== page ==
Whiskey galore for Tullamore
Her route to the top job at William Grant was a circuitous one. Born in north Yorkshire, David studied engineering at Cambridge, sponsored by British Aerospace. “I started out designing aircraft,” she explains.
After university, she joined Thorn EMI, where she made the move into marketing.
“I think I was a better marketeer than an engineer. It was just one of those things. I was good at sciences at school so I went that route at university.”
After a spell marketing snack foods at another company, David left for Bacardi, another family-owned spirits group, where she spent 15 years.
“I moved to Bacardi as marketing controller for the UK, then I was marketing director for the UK and then managing director for UK and then I ran the UK, Ireland and Holland. I was global chief marketing officer there for a number of years, too.”
She is credited with the successful launch of Bacardi Breezer into the UK. “It was the right product at the right time. It looked good, it tasted good and it exploded in the UK.”
Does she still enjoy a drop of Bacardi from time to time? “I tend to drink Hendrick’s, which is my favourite, if I’m honest with you. One has to be loyal to the brands that you look after.”
She took over the top job at William Grant in August 2009, a logical upward move in her career. “William Grant are of a size where lots of people know each other. We’re not small but we’re certainly not one of the big players. The key thing is to capitalise on the strengths of what you are.”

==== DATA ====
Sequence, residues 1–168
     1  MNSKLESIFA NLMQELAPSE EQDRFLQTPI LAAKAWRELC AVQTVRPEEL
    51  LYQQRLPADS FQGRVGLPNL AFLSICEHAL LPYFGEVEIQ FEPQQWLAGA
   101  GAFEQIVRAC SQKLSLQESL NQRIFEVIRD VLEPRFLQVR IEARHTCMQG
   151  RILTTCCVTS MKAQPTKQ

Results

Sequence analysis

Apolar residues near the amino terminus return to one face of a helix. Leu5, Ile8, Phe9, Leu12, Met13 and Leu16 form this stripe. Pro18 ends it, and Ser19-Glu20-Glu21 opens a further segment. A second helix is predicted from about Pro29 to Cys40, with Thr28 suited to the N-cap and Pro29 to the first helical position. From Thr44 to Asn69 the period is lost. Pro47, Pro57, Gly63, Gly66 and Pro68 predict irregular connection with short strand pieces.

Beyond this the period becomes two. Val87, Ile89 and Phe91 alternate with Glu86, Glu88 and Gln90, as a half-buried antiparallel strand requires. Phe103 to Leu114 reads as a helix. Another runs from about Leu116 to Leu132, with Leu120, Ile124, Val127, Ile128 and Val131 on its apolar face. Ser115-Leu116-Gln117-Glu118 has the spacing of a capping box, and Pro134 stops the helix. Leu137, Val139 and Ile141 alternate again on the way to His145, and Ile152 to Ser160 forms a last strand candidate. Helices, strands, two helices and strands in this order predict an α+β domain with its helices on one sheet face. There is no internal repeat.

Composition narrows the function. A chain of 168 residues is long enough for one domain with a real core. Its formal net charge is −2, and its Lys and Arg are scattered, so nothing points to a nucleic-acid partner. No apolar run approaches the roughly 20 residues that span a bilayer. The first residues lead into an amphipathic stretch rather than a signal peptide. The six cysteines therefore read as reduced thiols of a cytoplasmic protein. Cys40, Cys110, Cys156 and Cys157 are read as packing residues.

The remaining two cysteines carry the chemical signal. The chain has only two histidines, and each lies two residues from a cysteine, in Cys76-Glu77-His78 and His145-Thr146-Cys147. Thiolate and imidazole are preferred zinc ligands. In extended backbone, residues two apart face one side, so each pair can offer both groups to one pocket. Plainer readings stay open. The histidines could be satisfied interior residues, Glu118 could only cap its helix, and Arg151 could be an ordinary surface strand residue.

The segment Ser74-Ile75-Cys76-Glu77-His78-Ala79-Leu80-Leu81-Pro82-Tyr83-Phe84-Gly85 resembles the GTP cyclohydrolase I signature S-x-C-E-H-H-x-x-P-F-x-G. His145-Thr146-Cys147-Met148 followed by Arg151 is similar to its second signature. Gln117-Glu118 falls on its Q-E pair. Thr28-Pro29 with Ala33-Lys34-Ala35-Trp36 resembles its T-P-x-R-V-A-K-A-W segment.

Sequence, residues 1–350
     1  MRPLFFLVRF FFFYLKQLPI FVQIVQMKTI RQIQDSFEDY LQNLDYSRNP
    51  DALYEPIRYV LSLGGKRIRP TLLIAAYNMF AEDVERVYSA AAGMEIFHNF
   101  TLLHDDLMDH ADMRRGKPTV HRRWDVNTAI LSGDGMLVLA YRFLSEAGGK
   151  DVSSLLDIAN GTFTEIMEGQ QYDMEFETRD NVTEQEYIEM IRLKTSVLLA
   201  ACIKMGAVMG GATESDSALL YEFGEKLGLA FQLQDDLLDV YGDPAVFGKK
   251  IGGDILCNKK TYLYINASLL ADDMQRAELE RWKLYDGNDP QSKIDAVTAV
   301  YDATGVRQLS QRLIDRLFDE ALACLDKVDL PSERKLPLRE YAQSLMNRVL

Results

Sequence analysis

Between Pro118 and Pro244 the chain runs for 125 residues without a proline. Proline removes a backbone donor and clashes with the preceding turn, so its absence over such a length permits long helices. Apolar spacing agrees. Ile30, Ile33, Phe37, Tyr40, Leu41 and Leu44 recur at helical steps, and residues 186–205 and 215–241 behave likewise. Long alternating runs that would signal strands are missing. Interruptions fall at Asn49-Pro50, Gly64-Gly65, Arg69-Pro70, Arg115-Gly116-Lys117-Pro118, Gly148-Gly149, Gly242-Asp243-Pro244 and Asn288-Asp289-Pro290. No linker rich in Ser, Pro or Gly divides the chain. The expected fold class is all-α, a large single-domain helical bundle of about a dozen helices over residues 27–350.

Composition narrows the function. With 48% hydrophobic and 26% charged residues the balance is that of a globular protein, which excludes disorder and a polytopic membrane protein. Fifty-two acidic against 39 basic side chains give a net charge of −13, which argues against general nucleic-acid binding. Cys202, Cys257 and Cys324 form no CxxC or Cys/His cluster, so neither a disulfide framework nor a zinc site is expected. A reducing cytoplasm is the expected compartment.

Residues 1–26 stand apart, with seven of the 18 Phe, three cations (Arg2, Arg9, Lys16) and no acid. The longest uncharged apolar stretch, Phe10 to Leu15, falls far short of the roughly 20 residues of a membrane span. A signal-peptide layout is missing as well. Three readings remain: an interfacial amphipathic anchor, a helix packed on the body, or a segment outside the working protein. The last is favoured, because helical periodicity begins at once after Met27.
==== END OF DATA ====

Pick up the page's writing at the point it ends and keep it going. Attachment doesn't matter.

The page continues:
The company celebrates its 125th anniversary this year but nothing more than an internal celebration is planned.
While the family still controls the business, no member of the clan currently has a senior role in the running of the company.
David thinks her first alcoholic drink was a sup of someone’s Advocaat liqueur one Christmas as a kid. “I certainly didn’t want to drink anything afterwards,” she says.
She’s hazy about her first “real” drink or when exactly it was imbibed. “It was probably sweet wine to be honest with you. I don’t drink sweet wine anymore.”
So how big could Tullamore Dew become?
Initially, David is cagey speaking in generalities about it having “loads of potential”. “Ultimately, I can’t tell you how much bigger it is going to be. That would be folly but substantially bigger than it is today,” she adds.
After a bit of chipping away, she eventually relents. “ five to 10 years it could become a 1 to 2 million case brand. It’s about growing it in a way where the consumer is pulling it off the shelf … rather than it being pushed on price or pushed into too much distribution, too quickly.
“At the core is building the relationship with the consumer such that they choose it by name and want to pull it off the shelf.”
Position: Chief executive, William Grant & Sons.
Age: 50 in November.
Lives: Sunningdale, England.
Hobbies: Bridge, skiing and keeping fit.
Something you might expect:She “loves” all of William Grant’s spirits.
Something that might surprise:She’s a big darts fan.
Irish whiskey globally is really an undervalued category.It’s so small versus its potential